Hari Kunzru’s third novel, My Revolutions, opens with a man on the run. Mike Frame, a devoted husband and father living in a London suburb, is about to celebrate his 50th birthday, but he’s got a real midlife crisis on his hands: his past as an underground terrorist in the 1970s has caught up with him. When an old acquaintance threatens to reveal his true identity as radical revolutionary Chris Carver, Mike/Chris flees his comfortable life and goes in search of a former lover, a notorious female bomber who may or may not still be alive. As he runs, Mike/Chris floats in and out of his memories as a disaffected youth, war protester, social crusader, hippie drug addict, and cleaned-up suburban family man. My Revolutions blends two themes found in Kunzru’s previous novels — identity transformation (The Impressionist) and social anarchy (Transmission) — into a story that never quite takes off like it should. Structurally, the novel is superb as Kunzru moves seamlessly between the present and the past; and we travel through memory as if we’re riding a M”bius strip. But My Revolutions lacks the spark to finally lift it off the page. Though we’re told about our antihero’s emotional dilemma and his slogan-heavy past (“We thought it had been given to us to kick-start the new world”), we never quite feel it. Kunzru presents us with a man held at arm’s length and clinically examined, as if by a bomb expert carefully cutting the red wire. There is no explosion. -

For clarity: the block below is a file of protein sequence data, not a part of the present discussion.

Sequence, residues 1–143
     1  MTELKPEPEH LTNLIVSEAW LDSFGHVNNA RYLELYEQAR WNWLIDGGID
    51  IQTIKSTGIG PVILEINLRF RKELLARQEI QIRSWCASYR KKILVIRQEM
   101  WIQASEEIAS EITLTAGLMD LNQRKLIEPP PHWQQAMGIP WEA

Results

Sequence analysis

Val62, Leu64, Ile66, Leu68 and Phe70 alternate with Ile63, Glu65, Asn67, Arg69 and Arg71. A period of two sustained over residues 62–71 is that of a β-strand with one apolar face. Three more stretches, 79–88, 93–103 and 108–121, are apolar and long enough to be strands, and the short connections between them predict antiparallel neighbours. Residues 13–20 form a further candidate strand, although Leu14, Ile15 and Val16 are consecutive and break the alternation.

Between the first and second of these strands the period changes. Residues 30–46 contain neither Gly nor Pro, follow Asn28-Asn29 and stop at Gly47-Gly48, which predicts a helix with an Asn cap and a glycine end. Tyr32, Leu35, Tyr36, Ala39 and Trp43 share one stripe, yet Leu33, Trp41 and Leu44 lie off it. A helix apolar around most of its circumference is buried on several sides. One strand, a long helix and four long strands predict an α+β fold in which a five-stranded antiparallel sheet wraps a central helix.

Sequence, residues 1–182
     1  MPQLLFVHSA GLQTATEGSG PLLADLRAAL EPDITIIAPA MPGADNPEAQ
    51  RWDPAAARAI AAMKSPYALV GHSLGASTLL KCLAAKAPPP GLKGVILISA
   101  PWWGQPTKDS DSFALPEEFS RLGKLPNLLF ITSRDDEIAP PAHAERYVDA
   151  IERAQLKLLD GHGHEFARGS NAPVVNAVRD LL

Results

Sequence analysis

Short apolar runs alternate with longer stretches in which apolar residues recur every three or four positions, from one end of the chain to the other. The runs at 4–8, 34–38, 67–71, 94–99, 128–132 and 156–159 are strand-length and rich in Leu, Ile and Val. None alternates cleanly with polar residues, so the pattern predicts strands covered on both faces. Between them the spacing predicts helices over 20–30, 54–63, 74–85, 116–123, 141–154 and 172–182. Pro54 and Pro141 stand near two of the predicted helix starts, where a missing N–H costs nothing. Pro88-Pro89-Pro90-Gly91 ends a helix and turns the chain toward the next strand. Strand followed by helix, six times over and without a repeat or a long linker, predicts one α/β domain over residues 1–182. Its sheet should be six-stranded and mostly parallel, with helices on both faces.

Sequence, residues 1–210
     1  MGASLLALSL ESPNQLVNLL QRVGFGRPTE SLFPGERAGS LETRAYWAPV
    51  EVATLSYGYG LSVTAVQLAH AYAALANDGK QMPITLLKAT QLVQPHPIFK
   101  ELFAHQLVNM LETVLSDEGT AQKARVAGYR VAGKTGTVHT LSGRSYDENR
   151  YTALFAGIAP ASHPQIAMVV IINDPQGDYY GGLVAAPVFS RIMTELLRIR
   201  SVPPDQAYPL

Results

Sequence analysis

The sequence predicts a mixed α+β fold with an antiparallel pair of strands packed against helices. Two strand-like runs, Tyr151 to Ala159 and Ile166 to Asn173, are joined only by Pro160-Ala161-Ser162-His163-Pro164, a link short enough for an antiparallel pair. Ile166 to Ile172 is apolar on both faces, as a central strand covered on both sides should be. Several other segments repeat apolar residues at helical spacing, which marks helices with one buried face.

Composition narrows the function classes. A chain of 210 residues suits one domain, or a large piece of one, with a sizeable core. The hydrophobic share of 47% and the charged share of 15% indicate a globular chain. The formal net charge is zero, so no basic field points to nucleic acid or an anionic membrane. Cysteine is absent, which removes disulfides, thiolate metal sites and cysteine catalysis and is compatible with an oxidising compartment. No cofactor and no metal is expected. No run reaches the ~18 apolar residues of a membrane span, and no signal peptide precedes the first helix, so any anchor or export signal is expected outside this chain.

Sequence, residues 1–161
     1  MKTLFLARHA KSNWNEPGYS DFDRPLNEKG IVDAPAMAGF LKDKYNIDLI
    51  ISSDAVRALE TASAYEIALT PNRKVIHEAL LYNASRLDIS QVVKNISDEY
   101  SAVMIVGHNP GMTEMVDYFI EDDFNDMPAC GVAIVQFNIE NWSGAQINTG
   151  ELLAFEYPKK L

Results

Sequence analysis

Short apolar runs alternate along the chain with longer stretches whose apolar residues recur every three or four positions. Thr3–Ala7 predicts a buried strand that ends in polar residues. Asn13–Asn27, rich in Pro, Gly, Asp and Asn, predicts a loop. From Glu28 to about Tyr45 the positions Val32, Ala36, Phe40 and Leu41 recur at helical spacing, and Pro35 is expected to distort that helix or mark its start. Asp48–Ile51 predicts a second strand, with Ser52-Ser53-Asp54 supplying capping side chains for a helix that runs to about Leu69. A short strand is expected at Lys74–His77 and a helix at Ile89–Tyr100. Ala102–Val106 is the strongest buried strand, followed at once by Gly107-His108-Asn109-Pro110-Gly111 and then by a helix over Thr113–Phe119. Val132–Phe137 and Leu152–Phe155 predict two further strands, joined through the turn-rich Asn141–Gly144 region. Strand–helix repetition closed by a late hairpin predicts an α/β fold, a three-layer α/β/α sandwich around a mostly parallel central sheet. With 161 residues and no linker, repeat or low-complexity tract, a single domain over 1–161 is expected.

About the Author
David Abrams’ debut novel about the Iraq War, Fobbit, was named a New York Times Notable Book of 2012 and a Best Book of 2012 by Barnes and Noble. It was also featured as part of B&N's Discover Great New Writers program. His short stories have been nominated for the Pushcart Prize and have appeared in Esquire, Narrative, Glimmer Train Stories, The Missouri Review, and many other places. He regularly blogs about the literary life at The Quivering Pen.